Don't feel bad if you didn't get three stars, or even one.
The Guide Michelin ratings bestowed upon local restaurants yesterday don't mean a thing.
That's the way I see it. I'll continue to live it up at Zuni, Piperade, Isa — really good local places that were
And I'll still go to Chez Panisse, even if it's only ranked at one star. I've always liked Aqua, but now that it has earned two stars, I'm a little nervous. Will I ever be able to get in again?
It's so sad to see Hubert Keller and Roland Passot feeling bad over their respective one-star ratings. Come on, guys! You're still stars in my book.
It's also sad to see San Francisco feeling so insecure that the Chronicle had to put the story on the front page this morning, above the fold. Are we that easily wounded? (Yes.)
Here's the thing. San Francisco racked up fewer top-ranked restaurants than New York. That's good! I mean it, really good. You don't want to be a New York restaurant, where all the meat is sugared and the produce isn't as fresh as it needs to be and food comes out of the kitchen under a useless metal dome which the server removes with a flourish as if you care and the only reason people go to restaurants is to see who else is there and they just don't get it. At all. No.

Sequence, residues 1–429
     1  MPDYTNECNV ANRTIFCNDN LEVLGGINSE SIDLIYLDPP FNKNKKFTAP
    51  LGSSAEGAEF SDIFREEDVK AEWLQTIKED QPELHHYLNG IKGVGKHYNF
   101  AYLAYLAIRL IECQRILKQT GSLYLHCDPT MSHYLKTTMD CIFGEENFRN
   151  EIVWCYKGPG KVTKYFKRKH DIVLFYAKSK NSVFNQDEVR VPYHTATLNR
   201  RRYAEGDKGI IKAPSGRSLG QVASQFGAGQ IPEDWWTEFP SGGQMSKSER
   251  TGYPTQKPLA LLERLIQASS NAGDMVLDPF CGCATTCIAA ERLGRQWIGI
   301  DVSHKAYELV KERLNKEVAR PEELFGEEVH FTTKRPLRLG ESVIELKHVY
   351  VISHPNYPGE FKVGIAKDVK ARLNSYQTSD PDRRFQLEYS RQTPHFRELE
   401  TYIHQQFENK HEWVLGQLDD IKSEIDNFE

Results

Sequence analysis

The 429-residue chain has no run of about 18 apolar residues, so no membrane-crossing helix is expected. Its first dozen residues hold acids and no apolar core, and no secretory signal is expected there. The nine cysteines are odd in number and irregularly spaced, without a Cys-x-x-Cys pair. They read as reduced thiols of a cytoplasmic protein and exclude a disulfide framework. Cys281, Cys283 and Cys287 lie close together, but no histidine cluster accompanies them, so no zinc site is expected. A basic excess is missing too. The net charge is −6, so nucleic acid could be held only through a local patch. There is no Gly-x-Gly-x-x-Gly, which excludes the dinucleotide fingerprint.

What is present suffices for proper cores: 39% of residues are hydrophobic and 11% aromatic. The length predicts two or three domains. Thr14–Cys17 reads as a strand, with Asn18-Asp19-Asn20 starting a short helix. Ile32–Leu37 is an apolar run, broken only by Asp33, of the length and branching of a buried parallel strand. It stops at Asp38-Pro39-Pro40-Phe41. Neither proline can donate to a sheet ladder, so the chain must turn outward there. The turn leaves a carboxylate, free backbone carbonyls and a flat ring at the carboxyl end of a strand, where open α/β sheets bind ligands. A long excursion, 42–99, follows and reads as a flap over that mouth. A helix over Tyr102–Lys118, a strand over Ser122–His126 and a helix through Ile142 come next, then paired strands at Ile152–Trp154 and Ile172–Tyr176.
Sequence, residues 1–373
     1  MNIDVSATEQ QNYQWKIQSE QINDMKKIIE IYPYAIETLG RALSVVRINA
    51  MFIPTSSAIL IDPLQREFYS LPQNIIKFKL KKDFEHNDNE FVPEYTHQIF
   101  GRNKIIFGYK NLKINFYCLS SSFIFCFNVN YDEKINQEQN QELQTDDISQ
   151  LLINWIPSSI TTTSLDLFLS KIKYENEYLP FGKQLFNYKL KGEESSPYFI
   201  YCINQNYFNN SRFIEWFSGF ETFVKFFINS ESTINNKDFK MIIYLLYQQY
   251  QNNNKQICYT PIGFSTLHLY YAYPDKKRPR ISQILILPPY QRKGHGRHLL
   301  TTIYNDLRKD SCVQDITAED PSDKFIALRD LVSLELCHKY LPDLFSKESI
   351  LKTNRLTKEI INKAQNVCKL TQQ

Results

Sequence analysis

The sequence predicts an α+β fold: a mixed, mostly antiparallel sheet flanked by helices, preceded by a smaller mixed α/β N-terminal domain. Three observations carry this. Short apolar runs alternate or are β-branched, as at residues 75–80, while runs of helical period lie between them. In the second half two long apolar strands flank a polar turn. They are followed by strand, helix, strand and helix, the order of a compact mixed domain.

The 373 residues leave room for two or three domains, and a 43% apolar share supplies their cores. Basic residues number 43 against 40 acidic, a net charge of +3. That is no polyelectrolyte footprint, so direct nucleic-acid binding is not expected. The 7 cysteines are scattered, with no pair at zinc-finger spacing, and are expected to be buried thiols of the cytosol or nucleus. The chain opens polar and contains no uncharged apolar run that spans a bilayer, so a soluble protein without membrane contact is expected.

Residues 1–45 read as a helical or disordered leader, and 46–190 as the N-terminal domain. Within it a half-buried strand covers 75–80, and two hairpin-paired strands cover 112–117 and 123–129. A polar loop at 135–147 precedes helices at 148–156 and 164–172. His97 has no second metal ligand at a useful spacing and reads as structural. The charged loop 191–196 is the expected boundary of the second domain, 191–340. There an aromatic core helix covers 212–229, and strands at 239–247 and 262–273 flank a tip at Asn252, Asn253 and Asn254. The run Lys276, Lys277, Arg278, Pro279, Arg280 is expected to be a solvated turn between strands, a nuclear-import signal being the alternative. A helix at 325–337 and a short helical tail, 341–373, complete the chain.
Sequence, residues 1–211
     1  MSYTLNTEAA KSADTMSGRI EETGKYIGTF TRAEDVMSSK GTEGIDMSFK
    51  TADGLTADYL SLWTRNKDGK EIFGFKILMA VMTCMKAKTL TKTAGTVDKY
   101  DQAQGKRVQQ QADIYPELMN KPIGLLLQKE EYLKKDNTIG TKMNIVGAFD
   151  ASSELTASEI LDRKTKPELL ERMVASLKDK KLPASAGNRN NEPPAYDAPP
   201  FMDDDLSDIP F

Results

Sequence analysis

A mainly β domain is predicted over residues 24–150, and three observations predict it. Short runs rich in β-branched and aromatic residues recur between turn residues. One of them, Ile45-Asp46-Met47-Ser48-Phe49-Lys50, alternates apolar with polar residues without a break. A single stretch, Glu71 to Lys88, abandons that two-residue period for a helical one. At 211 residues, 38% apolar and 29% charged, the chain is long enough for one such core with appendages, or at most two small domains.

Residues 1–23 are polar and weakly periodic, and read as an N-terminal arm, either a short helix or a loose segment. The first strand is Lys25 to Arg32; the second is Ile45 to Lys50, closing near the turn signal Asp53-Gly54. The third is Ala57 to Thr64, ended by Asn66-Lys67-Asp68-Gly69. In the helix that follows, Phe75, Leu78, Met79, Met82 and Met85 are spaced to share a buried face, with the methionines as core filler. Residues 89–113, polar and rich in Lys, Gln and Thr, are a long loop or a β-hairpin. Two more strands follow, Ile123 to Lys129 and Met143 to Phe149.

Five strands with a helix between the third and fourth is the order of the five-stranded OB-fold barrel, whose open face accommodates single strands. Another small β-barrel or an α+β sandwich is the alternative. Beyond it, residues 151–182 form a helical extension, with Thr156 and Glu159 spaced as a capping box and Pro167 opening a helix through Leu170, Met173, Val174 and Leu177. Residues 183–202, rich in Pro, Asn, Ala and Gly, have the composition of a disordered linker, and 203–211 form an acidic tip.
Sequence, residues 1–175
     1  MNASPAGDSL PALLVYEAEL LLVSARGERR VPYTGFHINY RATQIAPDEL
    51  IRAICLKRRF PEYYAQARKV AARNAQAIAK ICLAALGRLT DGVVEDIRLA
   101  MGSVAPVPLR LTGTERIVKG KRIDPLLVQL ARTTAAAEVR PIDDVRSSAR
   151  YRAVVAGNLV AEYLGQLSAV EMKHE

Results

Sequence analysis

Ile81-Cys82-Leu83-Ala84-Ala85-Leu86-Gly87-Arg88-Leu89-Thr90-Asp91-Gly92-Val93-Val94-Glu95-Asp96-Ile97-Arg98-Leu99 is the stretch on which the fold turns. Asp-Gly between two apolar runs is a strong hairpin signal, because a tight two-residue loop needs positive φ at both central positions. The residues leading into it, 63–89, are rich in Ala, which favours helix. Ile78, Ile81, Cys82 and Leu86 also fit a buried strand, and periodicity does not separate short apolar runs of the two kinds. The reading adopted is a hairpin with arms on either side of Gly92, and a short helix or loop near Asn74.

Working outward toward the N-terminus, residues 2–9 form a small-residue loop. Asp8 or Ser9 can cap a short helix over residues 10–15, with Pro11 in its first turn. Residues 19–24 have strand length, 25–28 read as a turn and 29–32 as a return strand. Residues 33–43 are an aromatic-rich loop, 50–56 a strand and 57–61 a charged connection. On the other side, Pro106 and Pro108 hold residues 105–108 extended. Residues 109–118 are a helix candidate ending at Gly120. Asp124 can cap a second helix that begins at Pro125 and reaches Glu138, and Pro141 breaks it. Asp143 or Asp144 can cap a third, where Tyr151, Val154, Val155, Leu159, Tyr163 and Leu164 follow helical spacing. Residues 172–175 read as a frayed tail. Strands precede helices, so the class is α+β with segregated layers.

Celebrate your starlessness. Celebrate your true California self.
We invented food on the West Coast, after all: M.F.K. Fisher, James Beard, Helen Evans Brown, Julia Child — and only later did our deep, abiding, truly intelligent love of genuine eating migrate east to New York, where, paradoxically, they continue to worship Europe with its calcified culinary rules of tradition and formality and sauces. They're still getting it wrong, thank you very much, Jean-Georges.
I say hooray for us and pooh on Michelin. It's a tire company, fergodsake!
Don't even get me started on Zagat.